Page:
Saturday, January 07, 2006

Libertarian Integrity for Sale, Cheap!

This article is going into this weekend's edition of Liberty For All:

My friends, we have arrived. Libertarians are so much a part of the political mainstream that we can be vital partners in even the most mundane political scandals. The fall of respected Libertarian thinkers Doug Bandow and Peter Ferrera in the Jack Abramoff lobbying scandal offers some important lessons for all of us.

Business Week started the ball rolling in mid-December by reporting that Bandow had been fired by CATO Institute, where he was a senior fellow, and the Copley News Service who syndicated his columns in hundreds of newspapers. In the wake of this news, the Future of Freedom Foundation also decided to server its ties with Bandow.

Bandow and Ferrera admitted to taking up to $2,000 a piece from Abramoff over 12 years to write columns favoring the business interests of Abramoff and his clients on various Indian reservations and in the North Marianas Islands. This is all coming out now that Abramoff is on trial for fraud.

The sin is not that Bandow and Ferrera wrote these columns. They didn’t have to lie in their coverage of these issues or say anything they did not actually believe to write them. The only mistake they made is that they did not disclose the payments in exchange for the articles.

Such disclosure could have been easily made. One simple sentence per article would have made all the difference between continuing as influential and respected intellectuals or seeing their distinguished reputations suddenly extinguished.

Ferrera for his part didn’t see the problem. “I do that all the time,” said Ferrera. “I’ve done it in the past and I’ll do it in the future.” His boss at the Institute for Policy Innovation (IPI), Tom Giovanetti, tended to agree. Taking the “everybody’s doing it” defense, he first said that critics of this policy are applying “a naive purity standard” to the op-ed business.

Since the Business Week article, IPI has issued a flurry of press releases trying to prove that they get it. It’s a highly amusing dance, considering that at the same time they are also facing hard questions about another op-ed payola scandal involving columns by their new analysts Susan Finston and Merrill Matthews supporting increased patent protections for the drug companies that employed them as lobbyists weeks earlier.

It’s a slippery slope, one I personally live on. I write articles in this space covering the Libertarian Party and its national committee (LNC), and I receive financial support from many people, including members of the LNC, so I can travel to their meetings and other events. There is a very thin yet very bright fine line between right and wrong here. I have announced from the beginning and made no secret of my support. By these rules of ethics, I’m barely on the right side of the line but enough to be considered perfectly ethical. Ferrera and Bandow kept their support secret, which puts them just barely on the wrong side of this line, and has given everyone cause to distrust them completely.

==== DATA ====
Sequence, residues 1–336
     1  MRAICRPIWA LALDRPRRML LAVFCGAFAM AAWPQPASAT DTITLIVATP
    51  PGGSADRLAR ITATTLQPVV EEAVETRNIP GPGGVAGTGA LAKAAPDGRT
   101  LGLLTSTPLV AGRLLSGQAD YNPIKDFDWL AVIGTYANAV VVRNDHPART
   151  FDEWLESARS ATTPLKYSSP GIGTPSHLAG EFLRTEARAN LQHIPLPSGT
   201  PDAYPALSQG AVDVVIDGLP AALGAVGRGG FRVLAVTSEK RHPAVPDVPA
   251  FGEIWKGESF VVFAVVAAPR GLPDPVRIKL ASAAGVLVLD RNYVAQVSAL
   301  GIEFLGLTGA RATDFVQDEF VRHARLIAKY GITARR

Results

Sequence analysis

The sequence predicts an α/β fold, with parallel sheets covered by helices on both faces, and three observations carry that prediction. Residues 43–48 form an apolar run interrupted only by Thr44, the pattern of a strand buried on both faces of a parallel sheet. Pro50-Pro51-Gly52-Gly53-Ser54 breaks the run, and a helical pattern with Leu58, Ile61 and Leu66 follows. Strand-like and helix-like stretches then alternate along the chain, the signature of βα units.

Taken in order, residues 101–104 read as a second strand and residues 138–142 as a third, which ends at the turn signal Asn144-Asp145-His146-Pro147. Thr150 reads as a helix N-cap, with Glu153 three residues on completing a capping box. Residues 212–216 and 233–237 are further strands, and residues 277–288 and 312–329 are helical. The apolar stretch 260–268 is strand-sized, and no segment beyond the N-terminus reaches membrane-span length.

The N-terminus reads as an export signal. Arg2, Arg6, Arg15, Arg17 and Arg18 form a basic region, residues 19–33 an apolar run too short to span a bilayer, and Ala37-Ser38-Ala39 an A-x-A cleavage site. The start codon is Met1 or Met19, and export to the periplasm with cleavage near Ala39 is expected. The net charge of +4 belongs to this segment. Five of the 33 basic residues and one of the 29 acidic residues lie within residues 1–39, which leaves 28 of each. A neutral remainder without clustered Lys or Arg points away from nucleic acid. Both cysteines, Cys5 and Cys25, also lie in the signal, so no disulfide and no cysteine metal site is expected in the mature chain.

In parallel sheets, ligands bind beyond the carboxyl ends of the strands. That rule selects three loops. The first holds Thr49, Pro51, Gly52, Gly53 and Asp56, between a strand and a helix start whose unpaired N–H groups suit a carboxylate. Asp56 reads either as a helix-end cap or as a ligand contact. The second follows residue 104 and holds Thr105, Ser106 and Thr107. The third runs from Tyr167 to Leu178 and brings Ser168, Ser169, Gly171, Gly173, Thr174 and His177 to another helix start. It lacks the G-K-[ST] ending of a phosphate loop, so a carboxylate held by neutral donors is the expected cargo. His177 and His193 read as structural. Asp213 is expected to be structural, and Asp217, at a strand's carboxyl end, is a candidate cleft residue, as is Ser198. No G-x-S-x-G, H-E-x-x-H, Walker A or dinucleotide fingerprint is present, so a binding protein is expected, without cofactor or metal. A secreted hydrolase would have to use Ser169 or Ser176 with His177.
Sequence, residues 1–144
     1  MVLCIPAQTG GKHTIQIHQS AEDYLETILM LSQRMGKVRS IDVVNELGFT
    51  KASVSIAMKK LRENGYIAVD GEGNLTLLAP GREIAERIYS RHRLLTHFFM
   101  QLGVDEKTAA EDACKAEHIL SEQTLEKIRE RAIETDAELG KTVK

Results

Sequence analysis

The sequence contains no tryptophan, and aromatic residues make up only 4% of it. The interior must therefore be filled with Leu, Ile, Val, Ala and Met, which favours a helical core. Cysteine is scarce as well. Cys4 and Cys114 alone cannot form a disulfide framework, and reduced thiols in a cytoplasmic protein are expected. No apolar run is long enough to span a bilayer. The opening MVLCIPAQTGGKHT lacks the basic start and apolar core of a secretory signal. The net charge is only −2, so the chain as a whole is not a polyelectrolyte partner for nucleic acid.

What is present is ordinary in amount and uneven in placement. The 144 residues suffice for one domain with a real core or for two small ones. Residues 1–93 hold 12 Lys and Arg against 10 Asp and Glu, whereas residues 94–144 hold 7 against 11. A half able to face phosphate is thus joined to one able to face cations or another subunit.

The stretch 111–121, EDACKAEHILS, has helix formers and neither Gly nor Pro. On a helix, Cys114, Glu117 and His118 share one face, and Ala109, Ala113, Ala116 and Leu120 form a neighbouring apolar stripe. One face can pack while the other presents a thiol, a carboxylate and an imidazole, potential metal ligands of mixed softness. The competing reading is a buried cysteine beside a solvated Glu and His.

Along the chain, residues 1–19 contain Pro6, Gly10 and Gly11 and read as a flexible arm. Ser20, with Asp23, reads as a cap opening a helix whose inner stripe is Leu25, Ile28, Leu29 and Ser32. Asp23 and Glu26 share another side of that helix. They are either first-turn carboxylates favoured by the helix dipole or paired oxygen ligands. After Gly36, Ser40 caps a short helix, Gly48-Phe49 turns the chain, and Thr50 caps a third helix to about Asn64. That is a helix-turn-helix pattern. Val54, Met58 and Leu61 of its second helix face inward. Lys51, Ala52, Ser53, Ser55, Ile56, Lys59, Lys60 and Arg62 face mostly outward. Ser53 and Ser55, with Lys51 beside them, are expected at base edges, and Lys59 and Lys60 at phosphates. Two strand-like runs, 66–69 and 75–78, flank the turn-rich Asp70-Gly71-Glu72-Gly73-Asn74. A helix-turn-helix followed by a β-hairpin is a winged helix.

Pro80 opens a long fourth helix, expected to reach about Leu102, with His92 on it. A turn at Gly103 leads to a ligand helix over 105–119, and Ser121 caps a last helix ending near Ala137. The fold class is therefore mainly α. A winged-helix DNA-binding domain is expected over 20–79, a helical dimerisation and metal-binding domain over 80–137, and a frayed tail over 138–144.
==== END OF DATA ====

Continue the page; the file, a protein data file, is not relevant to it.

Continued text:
Ferrera explains, “It’s a matter of general support. These are my views, and if you want to support them that’s good.” That’s exactly how I feel too.

And as free market advocates, isn’t it all right and good that we sell our skills if we find willing buyers? It’s not a problem, in and of itself, when Finston and Matthews publish the same articles one day wearing a lobbyist label and the next as policy analysts. After all, their families have to eat and for all we know maybe they sincerely felt they could do more to honestly influence public policy in their new positions.

Yet there are limits to the free market, there are certain things that cannot be sold and retain their value. If writers show themselves to be without integrity, then their wordsmithing skills have no more meaning. If public policy institutes simply become a convenient way for lobbyists to give their views an aura of journalistic integrity, then all of their work becomes suspect.

Bandow admits his views changed once he was no longer influenced by Abramoff’s payola. Lately he has come to a more natural Libertarian perspective, that the Indian tribes he once promoted are really just another “well-funded special interest seeking political favors.” So while he was claiming to represent the Libertarian ideals of Cato when he wrote those articles, he was really representing the lobbying arm of Big Government.

Franklin Foer, writing for the New Republic all the way back on May 9, 2005, puts it very well. “There is, indeed,” Foer wrote, “a libertarian case to be made for the (North Marianas Islands’) exemption from federal regulation, although it’s hard to imagine such a case attracting so many fervent believers.” Foer points out the one-sided dishonesty of opinion that is purchased under the table. None of these Libertarian authors ever bothered to mention that exemption from federal regulation for the North Marianas includes the freedom of Chinese companies to import what amounts to slave labor to US territory, nor how keeping government off the backs of the Choctaws protects their insanely socialist government that keeps their leaders rich and their people poor.

An essential aspect of the free press is that it be independent. I’ve written extensively before that this independence should not be confused with objectivity. We can’t reasonably expect any writer or journalist to be completely without bias. But we can reasonably expect that every writer is speaking honestly. We choose to trust various pundits and organizations because we find their views consonant with our own. But if we later find that their views are controlled by the government or those seeking its favors, how can we trust anything they say again, whether we agree with it or not?